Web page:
Bushfires are very unpredictable which is part of the reason they are so dangerous. However, there are certain factors that we know influence a bushfire’s behaviour such as wind, humidity, vegetation and angle/slope. It’s also important to understand how bushfires can create their own thunderstorms and lightning strikes which lead to new fronts. 


Gusts of wind make it much easier for a blaze to pick up speed while also spreading the embers over a greater distance creating spot fires which can turn into infernos as large or larger than the original blaze. Wind also provides the oxygen with more oxygen which leads to a more intense front while also dictating the direction it heads in. Changes in wind direction are incredibly dangerous and the reason most people get killed during an escape.


Dry conditions favour the fire. As the environment dries out it becomes fuel for these blazes. This is one of the reasons that make Australia’s summer climate so dangerous as our bush and grasslands become incredibly dry. The drier the vegetation is then the faster it burns. This is particularly dangerous during an ember attack during strong winds as spot fires that will become new fronts begin.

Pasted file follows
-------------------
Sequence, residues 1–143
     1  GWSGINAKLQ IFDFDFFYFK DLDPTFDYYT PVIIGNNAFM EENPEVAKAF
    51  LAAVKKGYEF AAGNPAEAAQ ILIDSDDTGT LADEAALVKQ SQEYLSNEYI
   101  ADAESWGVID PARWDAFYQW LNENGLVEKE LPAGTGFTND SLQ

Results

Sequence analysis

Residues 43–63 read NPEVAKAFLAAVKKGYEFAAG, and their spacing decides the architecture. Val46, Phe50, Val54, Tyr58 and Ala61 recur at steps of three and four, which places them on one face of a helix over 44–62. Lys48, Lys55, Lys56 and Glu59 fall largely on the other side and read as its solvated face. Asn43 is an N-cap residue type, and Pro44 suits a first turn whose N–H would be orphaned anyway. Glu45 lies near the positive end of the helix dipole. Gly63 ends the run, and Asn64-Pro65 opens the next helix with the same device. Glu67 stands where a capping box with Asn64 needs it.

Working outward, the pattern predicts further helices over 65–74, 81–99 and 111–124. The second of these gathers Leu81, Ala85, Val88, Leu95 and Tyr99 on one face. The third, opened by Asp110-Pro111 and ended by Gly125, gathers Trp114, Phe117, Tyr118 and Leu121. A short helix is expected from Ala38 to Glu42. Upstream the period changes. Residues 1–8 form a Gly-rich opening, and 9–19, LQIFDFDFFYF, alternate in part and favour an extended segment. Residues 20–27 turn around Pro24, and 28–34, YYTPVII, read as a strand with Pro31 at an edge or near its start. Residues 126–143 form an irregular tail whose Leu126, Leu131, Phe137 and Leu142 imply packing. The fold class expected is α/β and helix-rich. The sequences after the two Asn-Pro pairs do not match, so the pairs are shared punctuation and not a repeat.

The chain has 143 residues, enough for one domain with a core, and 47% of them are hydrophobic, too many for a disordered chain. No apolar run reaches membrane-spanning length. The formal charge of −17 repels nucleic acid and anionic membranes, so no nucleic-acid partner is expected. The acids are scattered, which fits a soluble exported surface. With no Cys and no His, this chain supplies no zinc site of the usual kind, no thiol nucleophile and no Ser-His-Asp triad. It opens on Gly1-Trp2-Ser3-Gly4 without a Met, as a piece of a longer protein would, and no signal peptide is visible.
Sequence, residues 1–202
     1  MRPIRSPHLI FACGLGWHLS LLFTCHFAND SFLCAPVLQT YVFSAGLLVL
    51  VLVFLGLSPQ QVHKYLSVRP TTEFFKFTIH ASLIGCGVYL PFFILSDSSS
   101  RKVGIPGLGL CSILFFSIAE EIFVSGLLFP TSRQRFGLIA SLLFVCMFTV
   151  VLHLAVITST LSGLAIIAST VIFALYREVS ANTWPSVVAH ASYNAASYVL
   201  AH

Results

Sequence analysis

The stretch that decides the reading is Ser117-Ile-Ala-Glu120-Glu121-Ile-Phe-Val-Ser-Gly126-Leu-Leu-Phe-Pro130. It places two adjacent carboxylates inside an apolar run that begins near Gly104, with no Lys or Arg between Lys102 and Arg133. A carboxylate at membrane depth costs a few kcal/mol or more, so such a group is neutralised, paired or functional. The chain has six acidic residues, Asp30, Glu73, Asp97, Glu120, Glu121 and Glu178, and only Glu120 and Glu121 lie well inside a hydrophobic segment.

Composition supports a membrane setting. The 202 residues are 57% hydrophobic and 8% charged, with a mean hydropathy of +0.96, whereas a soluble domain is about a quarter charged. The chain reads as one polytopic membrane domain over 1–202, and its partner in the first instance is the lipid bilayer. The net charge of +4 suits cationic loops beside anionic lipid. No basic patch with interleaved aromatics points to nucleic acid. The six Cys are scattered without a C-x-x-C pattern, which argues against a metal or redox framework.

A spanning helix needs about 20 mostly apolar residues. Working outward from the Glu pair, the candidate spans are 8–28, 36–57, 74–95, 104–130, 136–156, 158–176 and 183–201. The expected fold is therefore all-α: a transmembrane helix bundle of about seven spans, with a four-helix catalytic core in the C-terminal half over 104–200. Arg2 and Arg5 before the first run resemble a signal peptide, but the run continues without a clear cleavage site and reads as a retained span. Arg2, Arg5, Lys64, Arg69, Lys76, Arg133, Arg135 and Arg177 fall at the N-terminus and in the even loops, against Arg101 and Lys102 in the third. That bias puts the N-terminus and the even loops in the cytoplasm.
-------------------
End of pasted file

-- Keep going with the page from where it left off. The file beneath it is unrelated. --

Fires need kindling to start and the size of the vegetation that it’s burning through makes a huge difference. Dried out small sticks and leaves for example make it much easier for spot fires to begin.


Fire struggles to descend but can accelerate rapidly uphill. For every degree of slope, a fire can double its speed. While travelling uphill radiant heat becomes a dangerous factor as it preheats vegetation ahead of the fire making it more flammable when the flames arrive.

Bushfire Thunderstorms

  • Lightning is one of the most common causes of bushfires starting. The challenge is that bushfires can actually manufacture this event under their own power
  • First a ‘plume’ of hot turbulent air & smoke rises
  • This turbulent air mixes cooler air into the plume which broadens it and cools further as it rises
  • When it grows high enough the low atmospheric pressure causes clouds to form which can turn into a thunderstorm
  • Rain in the cloud is mixed with the dry air which causes it to evaporate and which then produces a downburst which is often accompanied by lighting which starts more fires.
  • This ‘plume’ can cover huge areas so these fires can start far away from the original blaze making life incredibly challenging for firefighters.
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